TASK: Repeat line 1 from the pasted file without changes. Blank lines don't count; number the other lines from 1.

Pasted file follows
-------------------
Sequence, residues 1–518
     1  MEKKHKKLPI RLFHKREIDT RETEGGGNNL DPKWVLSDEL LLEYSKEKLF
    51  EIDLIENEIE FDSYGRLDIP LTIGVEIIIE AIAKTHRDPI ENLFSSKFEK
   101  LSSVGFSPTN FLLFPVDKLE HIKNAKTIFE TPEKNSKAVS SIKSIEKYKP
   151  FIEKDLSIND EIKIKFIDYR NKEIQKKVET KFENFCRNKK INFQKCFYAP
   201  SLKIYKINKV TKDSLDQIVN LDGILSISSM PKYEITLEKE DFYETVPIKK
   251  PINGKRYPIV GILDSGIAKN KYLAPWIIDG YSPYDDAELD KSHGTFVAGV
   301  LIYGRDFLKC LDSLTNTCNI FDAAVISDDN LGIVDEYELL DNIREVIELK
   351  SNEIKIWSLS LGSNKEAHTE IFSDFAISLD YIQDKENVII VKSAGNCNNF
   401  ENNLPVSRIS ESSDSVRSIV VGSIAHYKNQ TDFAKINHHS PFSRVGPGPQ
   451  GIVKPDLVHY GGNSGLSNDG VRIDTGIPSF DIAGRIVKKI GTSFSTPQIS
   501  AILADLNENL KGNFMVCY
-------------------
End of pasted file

Sequence, residues 1–518